Antoni Gaudí | Cultural Heritage. Goverment of Catalonia.
Antoni Gaudí The Visionary Architect
“We have given a degree to a madman or a genius, time will tell”, said Elies Rogent, director of the School of Architecture of Barcelona, during the graduation of Antoni Gaudí (1852–1926) in 1878. Today nobody can doubt the revolution caused by the work of this illustrious man from Reus in the history of architecture, even though his innovative talent would not be recognized outside of our borders under after his death.

He is considered to be the best example of modernism, even though his style goes beyond his skill in inventing new building solutions (such as his centenary arch), incorporating innovative techniques and creating a unique architectonic language, based on curved and dynamic shapes. At the same time, he used all applied arts in his buildings (glasswork, wrought iron, furniture...), especially a technique that would bring back decoration with mosaics and would turn into his calling card: the trencadís.

The son of coppersmiths, the Gaudí family business taught him the skill of working in three dimensions. Even though he was not a brilliant student, his skill with drawing and his taste for detail and perfectionism would shape his vocation. Since he was young, a problem with rheumatism required him to take long strolls among trees, plants and animals. This fascination with nature would stay with him for his entire professional career. He would also make him profoundly religious.

The first stage of his work (1878-1882) is marked by cooperative ideals: all his works from this period have an urban and social nature. The cooperative L’Obrera Mataronense (Gaudí Nave) stands out.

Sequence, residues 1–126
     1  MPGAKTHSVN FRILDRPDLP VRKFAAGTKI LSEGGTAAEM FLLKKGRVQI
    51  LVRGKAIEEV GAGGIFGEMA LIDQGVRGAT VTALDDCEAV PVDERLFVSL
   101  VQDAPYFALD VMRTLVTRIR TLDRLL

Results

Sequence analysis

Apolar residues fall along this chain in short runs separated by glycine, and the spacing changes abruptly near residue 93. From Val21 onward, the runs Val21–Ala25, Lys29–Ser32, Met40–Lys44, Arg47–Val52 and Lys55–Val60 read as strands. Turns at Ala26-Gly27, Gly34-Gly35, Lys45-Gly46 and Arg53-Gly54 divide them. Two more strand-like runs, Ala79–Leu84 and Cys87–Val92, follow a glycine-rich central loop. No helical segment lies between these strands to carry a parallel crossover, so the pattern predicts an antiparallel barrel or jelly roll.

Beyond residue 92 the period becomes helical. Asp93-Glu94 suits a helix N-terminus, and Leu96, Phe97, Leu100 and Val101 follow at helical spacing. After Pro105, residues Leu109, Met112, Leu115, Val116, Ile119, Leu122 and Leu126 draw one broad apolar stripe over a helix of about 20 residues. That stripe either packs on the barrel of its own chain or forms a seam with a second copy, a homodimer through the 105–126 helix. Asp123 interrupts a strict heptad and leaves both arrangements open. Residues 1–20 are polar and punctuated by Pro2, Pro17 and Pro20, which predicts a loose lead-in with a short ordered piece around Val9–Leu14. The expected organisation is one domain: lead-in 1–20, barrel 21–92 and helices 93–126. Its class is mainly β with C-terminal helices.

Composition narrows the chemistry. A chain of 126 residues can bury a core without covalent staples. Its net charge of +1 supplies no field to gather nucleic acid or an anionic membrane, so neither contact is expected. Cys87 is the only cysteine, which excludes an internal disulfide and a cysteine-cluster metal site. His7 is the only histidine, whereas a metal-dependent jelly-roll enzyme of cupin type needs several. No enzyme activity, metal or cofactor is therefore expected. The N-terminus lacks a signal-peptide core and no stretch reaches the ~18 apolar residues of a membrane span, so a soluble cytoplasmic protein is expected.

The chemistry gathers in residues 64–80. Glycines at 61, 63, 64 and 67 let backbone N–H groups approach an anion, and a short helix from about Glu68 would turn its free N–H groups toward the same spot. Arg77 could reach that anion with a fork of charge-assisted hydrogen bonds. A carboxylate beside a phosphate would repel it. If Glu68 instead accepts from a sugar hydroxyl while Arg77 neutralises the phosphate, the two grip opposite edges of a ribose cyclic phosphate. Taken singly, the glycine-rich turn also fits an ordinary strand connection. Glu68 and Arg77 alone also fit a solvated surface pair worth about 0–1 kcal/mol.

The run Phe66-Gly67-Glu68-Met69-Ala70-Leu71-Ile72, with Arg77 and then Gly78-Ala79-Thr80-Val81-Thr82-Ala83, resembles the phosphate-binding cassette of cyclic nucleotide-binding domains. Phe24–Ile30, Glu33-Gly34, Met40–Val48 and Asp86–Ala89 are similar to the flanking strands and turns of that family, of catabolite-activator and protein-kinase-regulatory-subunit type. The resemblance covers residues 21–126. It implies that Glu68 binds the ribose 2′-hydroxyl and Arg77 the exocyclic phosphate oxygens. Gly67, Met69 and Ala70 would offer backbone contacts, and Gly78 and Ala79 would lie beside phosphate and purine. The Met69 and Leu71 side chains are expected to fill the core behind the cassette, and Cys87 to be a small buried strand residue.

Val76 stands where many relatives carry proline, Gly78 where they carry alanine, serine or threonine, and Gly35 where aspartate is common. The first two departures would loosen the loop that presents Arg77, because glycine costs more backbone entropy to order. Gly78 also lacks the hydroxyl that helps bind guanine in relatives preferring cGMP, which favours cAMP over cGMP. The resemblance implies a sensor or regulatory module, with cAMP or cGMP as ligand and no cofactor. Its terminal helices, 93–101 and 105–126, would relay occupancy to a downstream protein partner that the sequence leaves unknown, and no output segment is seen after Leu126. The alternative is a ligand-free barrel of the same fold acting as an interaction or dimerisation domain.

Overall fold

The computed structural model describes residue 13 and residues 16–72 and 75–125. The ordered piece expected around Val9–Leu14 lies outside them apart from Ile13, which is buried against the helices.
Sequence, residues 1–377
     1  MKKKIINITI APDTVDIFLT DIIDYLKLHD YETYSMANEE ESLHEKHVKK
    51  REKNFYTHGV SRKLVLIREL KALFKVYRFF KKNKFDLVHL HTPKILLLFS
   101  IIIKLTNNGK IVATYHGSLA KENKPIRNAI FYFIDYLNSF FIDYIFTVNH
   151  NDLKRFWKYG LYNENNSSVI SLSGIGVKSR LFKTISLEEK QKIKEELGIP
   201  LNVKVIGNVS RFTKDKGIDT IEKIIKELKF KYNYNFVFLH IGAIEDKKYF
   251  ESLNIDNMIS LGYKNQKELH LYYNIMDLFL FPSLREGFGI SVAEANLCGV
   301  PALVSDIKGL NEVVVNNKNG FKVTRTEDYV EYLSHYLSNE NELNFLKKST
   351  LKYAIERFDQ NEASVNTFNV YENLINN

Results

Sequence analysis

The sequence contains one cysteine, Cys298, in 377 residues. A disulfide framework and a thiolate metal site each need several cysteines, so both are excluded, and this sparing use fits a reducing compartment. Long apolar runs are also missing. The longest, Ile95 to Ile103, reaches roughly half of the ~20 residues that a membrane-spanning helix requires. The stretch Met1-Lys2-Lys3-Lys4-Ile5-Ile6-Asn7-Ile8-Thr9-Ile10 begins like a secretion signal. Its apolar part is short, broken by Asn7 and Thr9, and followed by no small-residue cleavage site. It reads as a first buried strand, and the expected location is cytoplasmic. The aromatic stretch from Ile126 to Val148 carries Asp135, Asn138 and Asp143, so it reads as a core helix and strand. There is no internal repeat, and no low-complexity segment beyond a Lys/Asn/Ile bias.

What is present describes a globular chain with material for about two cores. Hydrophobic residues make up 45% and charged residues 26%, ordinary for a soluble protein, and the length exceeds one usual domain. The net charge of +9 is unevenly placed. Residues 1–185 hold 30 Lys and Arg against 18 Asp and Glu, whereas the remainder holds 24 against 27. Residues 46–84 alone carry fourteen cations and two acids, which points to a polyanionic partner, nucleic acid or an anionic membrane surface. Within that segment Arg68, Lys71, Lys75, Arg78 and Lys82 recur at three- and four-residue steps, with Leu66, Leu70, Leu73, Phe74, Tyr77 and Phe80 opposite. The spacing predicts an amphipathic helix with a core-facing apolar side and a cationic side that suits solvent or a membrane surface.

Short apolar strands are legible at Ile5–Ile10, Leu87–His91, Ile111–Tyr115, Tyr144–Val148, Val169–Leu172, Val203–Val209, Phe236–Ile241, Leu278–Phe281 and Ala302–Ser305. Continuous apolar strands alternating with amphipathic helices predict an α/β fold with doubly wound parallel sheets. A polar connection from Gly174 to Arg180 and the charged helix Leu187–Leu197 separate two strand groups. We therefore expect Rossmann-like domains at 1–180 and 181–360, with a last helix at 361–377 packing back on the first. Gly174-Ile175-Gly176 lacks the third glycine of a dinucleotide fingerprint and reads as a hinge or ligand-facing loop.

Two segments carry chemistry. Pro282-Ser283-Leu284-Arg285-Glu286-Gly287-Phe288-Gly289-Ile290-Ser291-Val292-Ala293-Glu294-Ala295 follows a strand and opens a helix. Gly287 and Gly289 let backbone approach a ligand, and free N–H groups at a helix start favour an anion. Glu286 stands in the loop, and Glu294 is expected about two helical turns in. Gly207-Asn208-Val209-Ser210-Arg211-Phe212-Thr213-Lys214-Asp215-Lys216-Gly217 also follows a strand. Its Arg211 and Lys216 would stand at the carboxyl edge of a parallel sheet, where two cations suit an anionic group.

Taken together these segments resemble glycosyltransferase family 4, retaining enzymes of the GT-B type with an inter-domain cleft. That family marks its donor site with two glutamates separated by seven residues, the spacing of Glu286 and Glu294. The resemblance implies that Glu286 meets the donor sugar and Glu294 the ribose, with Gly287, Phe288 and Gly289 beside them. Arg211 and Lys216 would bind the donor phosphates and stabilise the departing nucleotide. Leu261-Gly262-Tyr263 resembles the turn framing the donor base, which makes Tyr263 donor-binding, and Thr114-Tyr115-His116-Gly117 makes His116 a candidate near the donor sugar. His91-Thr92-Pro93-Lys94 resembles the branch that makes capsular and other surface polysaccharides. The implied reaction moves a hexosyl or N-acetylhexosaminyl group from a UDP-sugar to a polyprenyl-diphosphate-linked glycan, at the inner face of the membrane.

During the following years (1883 – 1900), he dedicated his efforts to achieving his own style, which started to take shape in buildings such as Casa Vicens (1883-85), the Capricho in Comillas (1883-85), the Güell Pavilions (1884-87), the Güell Palace (1886-91), the episcopal church of Astorga (1887-94), the College of the Teresians (1888-90), the Casa de los Botines in León (1891-94), the gateway of the Finca Miralles (1901-02), Casa Calvet (1898-1904) and Bellesguard Tower. In this period, he would meet the one who would become his patron, Eusebi Güell.

His most creative and innovative period was from 1900 to 1917: Park Güell (1900-14), Casa Batlló (1904-06), the church of the Güell colony (1908-15), the Pedrera (1906-12) and the schools of the Sagrada Família.

In the years prior to his death (1918-1926), he dedicated himself exclusively to his big project: the Sagrada Família, where he fused his religious concerns and his breakthrough architectonic ideas. A tram cut off his dream of seeing his life’s work finished. Since 2005, 7 Gaudí buildings have been part of the UNESCO World Heritage List.